For years farmers here complained about the broken dirt road through their village, so bumpy that taxi and bus drivers refused to take it. Then, two weeks ago, the government suddenly sent a tractor to smooth the way, conspicuously stopping at the doorstep of one family.
"They're not fooling anyone," said Said Hussein Obama, whose home lies at the end of the newly improved road. "It's only because he's coming. You watch, next week we'll have electricity!"
You can't fault Kenyan officials for wanting to spruce up a little before the eagerly anticipated visit late this week of Sen. Barack Obama of Illinois, a rising star in the Democratic Party whose late father hailed from this tiny farming town.
Obama-mania is sweeping the nation, particularly the long-marginalized west, which is preparing a hero's homecoming for the half-Kansan, half-Kenyan senator, who began a 15-day, five-nation African tour over the weekend.
Construction workers are racing to complete the new science lab at the recently rededicated Senator Obama Secondary School. A play based on his best-selling autobiography recently took the stage at Kenya's National Theater. Sales of long-popular Senator beer, which locals dubbed "Obama" after his election, have doubled since June, brewery officials said.
Obama's parents met and married in Hawaii, where he was born. When he was a toddler, his parents separated, and he only saw his father once afterward. The senator hasn't visited Kenya in 14 years. His support for abortion and gay rights would roil most voters here. But none of that matters to locals, who see Obama, 45, as their new favorite son.
"He's a role model for all of Africa," said Kenyan playwright George Orido, who adapted Obama's "Dreams From My Father" for the stage. When the publisher refused to authorize the production, Orido proceeded anyway.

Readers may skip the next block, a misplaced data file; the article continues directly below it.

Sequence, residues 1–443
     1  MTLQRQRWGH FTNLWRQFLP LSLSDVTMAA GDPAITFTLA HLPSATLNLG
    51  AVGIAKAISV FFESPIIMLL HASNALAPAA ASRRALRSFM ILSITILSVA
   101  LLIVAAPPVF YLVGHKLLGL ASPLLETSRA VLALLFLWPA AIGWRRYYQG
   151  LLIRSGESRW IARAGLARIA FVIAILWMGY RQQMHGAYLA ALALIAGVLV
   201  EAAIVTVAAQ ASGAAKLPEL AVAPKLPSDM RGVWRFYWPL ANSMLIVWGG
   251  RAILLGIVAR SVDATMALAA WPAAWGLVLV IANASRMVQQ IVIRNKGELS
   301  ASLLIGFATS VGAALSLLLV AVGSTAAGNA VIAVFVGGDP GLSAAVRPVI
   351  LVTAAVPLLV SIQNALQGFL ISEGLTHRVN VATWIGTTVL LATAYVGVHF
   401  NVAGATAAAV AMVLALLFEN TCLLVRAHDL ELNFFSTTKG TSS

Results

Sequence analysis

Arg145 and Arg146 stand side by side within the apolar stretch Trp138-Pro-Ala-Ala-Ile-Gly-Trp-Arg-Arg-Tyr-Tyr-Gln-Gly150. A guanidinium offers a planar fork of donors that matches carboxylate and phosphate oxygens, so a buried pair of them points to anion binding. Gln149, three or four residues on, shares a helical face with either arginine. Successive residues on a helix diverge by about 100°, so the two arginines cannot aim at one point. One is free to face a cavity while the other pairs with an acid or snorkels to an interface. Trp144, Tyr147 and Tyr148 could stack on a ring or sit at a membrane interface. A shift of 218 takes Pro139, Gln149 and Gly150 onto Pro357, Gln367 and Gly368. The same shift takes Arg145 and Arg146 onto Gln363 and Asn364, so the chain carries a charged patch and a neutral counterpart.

"His story is our story now," the writer explained. "It's moved beyond him. He proves that Africans have the brains to lead. They don't always have to be dictators or despots."
High expectations are symptomatic of the underdevelopment plaguing so much of Africa. This part of western Kenya remains one of the most impoverished regions in the country. Obama's family homestead, near the western city of Kisumu, has never received water, paved roads or electricity.
Obama is also facing strong cultural and tribal traditions that demand family and clan members, even distant ones or those returning after a long absence, should share their success with the less fortunate. Villagers and family members here see Obama as a rich, powerful American, speaking about him with pride and admiration, but also a hint of disappointment that he hasn't done more to help them.
"It's tradition that when your man is on top, he is supposed to help," said Said Obama, the senator's uncle, a laid-off brewery mechanic.
Barack Obama visited Kenya twice, in 1987 and 1992, first while he was in school and then while he was working as a community organizer in Chicago. His political career soared after a rousing speech during the 2004 Democratic National Convention, which began speculation that he'd one day run for president.
In an interview before he departed, the senator said he hoped his trip would shine a spotlight on Africa's struggles, from the bloodshed in Sudan's Darfur region to the promise of recent elections in the Democratic Republic of Congo. On Monday, he toured an AIDS treatment facility in Cape Town, where he criticized the South African government's response to the disease.